“Boss visit me in hospital,” Billal adds, “so why he now say no accept injury?”

This statement is key. It provides us a glimpse of the fog a foreign worker like Billal is in when faced with a situation like this.

Workers like Billal do not understand the distinction between an injury and a work-related injury. He finds it incomprehensible that his boss can visit him in hospital, and clearly see that he was injured, and today say “not accept”. How can anyone wake up early, watch a sunrise, and then deny that the sun ever rose that morning?

We have to patiently explain to workers the fine distinction in law, and make sure they understand that it is entirely possible for an employer to concede that his employee was injured without conceding that it was a work-related incident. Workers need to understand that their counter-arguments shouldn’t be whether or not they were injured, but whether the incidents occurred while they were at work.

I explain this to Billal and repeat to him that he has a strong case given the timeline and the facts.

And yet, his anxiety does not evaporate.

And that’s because there’s something underlying that is even more invisible to us than the blurriness between injury and work-related injury. All that we have said so far — about facts, about logical deduction from the fact that an ambulance was called to the workplace — is only meaningful if one has faith in rational argumentation and institutional processes; faith that facts and logic will triumph. If that’s how one sees the world then one will be reassured that one’s chances of prevailing are good. But that’s not how many people from the subcontinent see the world. To them, it’s a rougher place, where rules and institutional processes are a joke and actors are driven by selfish interests riding roughshod over others through brute application of power.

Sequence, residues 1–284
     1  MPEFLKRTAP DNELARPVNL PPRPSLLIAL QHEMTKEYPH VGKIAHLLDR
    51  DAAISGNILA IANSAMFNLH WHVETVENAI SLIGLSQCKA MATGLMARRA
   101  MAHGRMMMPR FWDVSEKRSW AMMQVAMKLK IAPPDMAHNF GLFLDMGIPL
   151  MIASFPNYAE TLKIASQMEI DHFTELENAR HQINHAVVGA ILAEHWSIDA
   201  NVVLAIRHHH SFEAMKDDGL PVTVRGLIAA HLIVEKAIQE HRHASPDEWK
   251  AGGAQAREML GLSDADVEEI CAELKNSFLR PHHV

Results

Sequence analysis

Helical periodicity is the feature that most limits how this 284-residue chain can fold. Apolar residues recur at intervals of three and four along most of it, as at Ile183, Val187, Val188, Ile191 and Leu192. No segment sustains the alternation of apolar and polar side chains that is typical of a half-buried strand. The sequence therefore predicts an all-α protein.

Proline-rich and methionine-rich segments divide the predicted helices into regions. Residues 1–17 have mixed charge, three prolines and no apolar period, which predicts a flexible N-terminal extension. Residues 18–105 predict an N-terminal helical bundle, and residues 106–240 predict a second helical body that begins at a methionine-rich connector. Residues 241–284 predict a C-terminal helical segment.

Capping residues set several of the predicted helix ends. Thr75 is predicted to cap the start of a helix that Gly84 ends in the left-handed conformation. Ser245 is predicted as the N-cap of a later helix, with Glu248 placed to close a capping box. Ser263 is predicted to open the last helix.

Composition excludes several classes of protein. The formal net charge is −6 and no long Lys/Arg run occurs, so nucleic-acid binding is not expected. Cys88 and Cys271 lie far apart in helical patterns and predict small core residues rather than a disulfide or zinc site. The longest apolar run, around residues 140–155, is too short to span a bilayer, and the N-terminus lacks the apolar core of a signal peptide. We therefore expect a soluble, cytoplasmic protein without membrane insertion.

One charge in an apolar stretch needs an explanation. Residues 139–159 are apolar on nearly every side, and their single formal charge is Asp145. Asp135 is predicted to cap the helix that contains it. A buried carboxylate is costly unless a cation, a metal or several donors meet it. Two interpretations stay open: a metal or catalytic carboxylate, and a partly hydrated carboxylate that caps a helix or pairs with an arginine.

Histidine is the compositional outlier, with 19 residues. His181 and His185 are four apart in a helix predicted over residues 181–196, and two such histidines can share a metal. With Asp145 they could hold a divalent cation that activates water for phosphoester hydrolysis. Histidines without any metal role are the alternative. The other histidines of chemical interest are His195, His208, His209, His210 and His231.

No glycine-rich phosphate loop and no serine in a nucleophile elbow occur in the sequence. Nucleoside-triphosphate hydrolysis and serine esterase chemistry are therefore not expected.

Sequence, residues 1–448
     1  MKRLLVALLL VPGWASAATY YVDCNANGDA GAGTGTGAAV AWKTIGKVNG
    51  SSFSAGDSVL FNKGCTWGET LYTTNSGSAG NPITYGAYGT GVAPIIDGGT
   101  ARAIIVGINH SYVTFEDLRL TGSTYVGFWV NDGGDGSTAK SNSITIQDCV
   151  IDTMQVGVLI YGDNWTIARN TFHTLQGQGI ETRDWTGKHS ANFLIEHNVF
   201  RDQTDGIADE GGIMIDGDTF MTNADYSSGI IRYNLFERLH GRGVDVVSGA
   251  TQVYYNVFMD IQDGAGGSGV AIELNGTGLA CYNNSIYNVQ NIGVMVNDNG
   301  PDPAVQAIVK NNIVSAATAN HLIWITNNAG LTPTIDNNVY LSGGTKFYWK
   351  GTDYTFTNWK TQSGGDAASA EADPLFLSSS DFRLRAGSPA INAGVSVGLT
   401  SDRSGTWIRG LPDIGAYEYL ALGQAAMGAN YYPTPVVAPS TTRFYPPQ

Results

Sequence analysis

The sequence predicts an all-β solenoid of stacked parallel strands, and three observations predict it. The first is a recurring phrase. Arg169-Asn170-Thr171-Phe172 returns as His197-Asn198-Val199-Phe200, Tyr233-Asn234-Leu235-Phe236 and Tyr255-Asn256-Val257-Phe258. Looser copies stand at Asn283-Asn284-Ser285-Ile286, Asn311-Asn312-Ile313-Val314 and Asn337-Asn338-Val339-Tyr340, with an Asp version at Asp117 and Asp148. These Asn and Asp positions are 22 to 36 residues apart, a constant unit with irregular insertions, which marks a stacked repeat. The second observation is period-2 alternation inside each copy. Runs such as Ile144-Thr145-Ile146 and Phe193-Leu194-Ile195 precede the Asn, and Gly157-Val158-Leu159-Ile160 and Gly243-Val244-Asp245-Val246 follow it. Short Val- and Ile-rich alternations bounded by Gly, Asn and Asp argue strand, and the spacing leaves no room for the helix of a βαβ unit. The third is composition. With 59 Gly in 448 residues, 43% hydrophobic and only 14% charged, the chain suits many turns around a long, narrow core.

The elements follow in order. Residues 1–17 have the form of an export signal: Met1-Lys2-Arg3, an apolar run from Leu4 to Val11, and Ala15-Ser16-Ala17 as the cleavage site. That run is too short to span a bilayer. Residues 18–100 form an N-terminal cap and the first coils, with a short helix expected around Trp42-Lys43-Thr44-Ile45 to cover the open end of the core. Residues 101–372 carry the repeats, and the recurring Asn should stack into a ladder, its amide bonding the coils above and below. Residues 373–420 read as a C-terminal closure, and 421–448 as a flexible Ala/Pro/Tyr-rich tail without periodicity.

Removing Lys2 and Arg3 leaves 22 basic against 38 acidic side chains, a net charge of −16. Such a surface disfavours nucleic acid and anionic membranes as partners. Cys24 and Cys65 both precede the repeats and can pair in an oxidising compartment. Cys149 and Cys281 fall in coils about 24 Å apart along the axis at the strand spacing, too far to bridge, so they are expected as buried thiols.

Bosses are powerful people. If the boss says he will not accept that the incident was work-related, then to defeat him, one must look for countervailing power. The law of the jungle. It is effete and ineffectual to rely on rational argument. As for impartial processes, the concept hardly figures on a worker’s radar. And understandably so too, for that’s not a typical worker’s life experience back in his home country before coming to Singapore.

Billal was probably hoping, when he sat down, that he would hear from us at TWC2 a simple but assuring statement. Something along the lines of “Don’t worry, we will take care of it. We are more powerful than your boss-man.”

He is not getting that assurance. Instead he is getting a crash course in law, bureaucratic processes and a whole new way of thinking. It will take a while for all this to sink in. But we can see that he’s heading in the right direction because towards the end of our consultation he volunteers additional, and rather telling, nuggets of information.

“Main con write report to MOM,” he says of the main contractor submitting a note to the Ministry of Manpower. “Seven man inside the report, the Indian man and the China man.”

“All man go interview by MOM.”

I am sorely tempted to interrogate him where he got that information. Workers often mix hearsay with fact and at TWC2 we are always alert to it. But I decide to let it be, because I can see the true significance of those words. The substance or reliability of what he says is not important. The nature is. Those words are an indication that Billal is beginning to think in terms of facts and evidence. He is calmer and a wee bit more confident now.

By this point, Rupesshor Shankar Mondol has vanished from view. The old hand was last seen leaving his seat to shepherd a worried newcomer to another volunteer.